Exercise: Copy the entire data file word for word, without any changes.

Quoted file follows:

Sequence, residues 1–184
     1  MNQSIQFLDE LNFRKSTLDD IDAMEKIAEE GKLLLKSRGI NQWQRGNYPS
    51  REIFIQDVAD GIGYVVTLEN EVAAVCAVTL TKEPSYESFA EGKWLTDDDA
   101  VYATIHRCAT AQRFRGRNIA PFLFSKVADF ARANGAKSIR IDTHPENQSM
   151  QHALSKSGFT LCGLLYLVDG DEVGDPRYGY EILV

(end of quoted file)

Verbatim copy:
Sequence, residues 1–184
     1  MNQSIQFLDE LNFRKSTLDD IDAMEKIAEE GKLLLKSRGI NQWQRGNYPS
    51  REIFIQDVAD GIGYVVTLEN EVAAVCAVTL TKEPSYESFA EGKWLTDDDA
   101  VYATIHRCAT AQRFRGRNIA PFLFSKVADF ARANGAKSIR IDTHPENQSM
   151  QHALSKSGFT LCGLLYLVDG DEVGDPRYGY EILV